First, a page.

520 pages, 600+ illustrations, and published by Collection Rolf Heyne in Germany.
A4 hardcover with green cloth boards, the publisher’s name is embossed near the bottom:
Among the many (exquisitely printed) plates are pages from a 19th-century A.W. Faber catalog, which Faber-Castell has scanned and posted online. Seeing these in print—even reduced in size—convinces me how great a printed facsimile edition would be (is it too soon to ask for another book?). Even something A5 in size, similar to the Graf von Faber-Castell catalogs, would have a wide appeal and could be a premium with a very long shelf life:
A small selection of products offered by Johann Faber:
Some of the many iterations of the Castell 9000:
Imagine this as a pop-up book:
This English edition, like the German edition, is organized chronologically and provides a timeline for the Faber and Castell families, alongside contemporaneous events in world history:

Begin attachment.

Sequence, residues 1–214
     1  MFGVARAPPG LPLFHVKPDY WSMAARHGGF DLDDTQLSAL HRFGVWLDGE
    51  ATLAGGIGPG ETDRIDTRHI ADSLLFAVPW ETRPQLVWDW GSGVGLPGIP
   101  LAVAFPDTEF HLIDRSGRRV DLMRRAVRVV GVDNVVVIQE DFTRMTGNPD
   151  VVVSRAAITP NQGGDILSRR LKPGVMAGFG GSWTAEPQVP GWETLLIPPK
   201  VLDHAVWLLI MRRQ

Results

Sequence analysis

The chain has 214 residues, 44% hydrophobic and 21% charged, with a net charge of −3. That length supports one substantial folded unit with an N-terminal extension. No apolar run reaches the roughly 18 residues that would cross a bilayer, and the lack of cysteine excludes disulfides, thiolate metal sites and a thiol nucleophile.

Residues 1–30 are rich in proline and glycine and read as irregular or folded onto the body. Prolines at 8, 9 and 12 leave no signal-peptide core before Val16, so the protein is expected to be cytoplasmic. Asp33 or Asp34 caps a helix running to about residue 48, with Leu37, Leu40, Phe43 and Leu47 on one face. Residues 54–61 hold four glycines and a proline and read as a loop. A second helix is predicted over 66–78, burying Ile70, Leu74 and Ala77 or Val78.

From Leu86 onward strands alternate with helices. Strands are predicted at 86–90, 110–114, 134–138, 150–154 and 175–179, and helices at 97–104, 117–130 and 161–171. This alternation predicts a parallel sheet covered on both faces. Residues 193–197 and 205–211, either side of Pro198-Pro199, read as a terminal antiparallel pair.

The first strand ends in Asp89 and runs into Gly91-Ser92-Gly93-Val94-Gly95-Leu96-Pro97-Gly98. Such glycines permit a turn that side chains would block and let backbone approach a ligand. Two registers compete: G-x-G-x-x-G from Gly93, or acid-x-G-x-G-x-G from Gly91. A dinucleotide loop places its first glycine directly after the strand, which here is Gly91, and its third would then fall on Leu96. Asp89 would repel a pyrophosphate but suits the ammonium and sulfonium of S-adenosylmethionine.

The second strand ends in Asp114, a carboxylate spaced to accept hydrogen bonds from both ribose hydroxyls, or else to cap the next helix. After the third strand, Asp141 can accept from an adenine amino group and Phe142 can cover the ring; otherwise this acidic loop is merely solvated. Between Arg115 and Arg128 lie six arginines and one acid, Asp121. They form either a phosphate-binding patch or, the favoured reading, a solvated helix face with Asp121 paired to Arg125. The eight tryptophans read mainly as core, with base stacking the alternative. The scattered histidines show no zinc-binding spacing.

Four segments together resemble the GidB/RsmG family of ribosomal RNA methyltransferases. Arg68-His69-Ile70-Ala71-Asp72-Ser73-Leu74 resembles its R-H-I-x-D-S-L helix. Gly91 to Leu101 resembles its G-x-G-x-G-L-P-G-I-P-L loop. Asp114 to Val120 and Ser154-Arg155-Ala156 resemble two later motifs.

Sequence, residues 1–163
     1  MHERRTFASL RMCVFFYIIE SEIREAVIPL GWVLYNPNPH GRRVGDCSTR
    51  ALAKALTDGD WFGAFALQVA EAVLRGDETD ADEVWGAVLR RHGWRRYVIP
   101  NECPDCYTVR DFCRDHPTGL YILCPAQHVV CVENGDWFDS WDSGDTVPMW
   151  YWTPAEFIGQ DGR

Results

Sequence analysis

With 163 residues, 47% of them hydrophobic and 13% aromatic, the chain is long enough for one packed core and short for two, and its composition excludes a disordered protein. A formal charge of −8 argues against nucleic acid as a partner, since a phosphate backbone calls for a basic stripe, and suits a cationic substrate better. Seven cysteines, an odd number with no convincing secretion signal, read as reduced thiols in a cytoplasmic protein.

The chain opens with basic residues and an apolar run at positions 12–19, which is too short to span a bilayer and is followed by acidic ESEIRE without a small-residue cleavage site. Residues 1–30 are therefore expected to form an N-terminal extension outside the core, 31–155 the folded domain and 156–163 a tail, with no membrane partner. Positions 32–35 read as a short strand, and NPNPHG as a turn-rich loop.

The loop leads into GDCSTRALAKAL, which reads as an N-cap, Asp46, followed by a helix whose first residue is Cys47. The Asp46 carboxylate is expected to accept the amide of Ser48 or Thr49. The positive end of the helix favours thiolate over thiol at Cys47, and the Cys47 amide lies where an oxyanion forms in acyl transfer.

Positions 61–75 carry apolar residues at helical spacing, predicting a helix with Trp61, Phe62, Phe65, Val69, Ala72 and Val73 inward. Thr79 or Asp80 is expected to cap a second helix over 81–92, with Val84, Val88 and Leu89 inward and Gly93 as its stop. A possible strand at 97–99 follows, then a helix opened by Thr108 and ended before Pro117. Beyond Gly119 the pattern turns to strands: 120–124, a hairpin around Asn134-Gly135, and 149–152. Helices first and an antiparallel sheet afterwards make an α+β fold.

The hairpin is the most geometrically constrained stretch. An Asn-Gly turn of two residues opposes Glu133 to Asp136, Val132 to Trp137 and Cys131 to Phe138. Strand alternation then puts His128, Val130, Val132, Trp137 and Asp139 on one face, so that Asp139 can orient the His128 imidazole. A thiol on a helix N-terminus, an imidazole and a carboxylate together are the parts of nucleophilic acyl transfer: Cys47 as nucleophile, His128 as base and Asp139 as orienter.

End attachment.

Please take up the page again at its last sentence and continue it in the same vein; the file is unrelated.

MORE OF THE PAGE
There are chapters devoted to each of the eight generations of Fabers and Faber-Castells:
There are a few pages about the Eberhard Faber Company in America, including a Blackwing cameo:
Faber-Castell Since 1761 is less a compendium of pencils, pens, and slide rules as it is the “history of a pencil dynasty.” In other words, a great deal of attention is devoted to people and places along with the products—including lengthy branches of the family tree. In my estimation though, tracing through those branches helps to better understand the roots—of the company, and how they supported over 250 years of growth.
Special thanks to Faber-Castell for sending a copy ‘Faber-Castell Since 1761’.